Contemporary legal thinking is in the thrall of a cult of flexibility. We obsess about avoiding decisions without all possible relevant information while ignoring the costs of postponing decisions until that information becomes available. We valorize procrastination and condemn investments of decisional resources in early decisions. Both public and private law should be understood as a productive activity con¬verting information, norms, and decisional and enforcement capacity into out¬puts of social value. Optimal timing depends on changes in these inputs’ scarcity and in the value of the decision they produce. Our legal culture tends to overes¬ti¬mate the value of information that may become available in the future while discounting declines over time in decisional resources and the utility of decisions. Even where postponing some decisions is necessary, a sophisticated appreciation of discretion’s components often exposes aspects of decisions that can and should be made earlier. Disaster response illustrates the folly of legal procrastination as it shrinks the supply of decisional resources while in¬creas¬ing the demand for them. After Hurricane Katrina, programs built around flexibility failed badly through a combination of late and defective decisions. By contrast, those that appreciated the scarcity of decisional resources and had developed detailed regulatory templates in advance provided quick and effective relief.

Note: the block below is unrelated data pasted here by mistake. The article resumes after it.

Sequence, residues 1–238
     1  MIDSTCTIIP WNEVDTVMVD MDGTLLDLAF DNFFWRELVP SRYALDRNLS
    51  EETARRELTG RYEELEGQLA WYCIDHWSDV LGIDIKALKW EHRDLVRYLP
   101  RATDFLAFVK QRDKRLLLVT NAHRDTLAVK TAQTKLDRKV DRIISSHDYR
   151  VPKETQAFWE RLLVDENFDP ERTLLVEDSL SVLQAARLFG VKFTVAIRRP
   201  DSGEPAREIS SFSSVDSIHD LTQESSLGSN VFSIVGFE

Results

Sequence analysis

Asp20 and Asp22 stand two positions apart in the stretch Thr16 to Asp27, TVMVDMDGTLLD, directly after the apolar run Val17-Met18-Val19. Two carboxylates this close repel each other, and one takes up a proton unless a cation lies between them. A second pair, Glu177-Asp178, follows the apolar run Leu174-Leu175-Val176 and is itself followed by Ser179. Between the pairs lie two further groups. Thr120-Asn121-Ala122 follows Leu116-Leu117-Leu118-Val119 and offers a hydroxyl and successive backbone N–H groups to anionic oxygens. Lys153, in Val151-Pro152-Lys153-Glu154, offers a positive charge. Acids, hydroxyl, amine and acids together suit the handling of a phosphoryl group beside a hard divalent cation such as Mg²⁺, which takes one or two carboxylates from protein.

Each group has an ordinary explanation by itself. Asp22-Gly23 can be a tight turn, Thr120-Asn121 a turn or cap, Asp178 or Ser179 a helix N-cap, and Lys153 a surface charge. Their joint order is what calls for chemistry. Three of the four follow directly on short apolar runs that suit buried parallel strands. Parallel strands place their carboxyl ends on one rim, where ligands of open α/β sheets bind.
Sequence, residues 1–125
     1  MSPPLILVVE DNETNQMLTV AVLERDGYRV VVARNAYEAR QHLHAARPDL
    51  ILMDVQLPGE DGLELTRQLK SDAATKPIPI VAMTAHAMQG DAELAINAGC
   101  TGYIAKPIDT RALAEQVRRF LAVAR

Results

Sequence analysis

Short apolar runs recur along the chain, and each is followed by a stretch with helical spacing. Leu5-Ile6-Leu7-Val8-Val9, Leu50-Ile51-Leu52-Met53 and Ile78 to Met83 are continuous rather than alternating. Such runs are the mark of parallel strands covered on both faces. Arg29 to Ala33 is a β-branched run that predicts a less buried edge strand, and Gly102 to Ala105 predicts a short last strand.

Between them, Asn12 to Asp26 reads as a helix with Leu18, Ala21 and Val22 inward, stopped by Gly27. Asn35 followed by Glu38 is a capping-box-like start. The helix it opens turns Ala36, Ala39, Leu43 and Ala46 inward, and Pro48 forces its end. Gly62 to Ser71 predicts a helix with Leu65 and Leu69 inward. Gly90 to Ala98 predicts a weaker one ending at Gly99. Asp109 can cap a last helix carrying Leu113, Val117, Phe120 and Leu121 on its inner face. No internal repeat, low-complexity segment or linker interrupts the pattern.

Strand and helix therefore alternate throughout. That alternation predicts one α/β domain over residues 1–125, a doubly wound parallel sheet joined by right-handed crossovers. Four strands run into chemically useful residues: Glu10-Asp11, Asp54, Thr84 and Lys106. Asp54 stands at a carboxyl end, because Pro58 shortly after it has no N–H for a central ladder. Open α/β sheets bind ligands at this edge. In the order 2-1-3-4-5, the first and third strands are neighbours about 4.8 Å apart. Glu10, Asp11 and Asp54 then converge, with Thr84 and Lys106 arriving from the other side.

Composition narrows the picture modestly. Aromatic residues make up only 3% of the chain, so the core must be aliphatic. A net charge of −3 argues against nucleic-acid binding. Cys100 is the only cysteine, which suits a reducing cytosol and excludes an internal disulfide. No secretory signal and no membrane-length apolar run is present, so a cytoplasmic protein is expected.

96 Cornell Law Review (2011).
Law and Society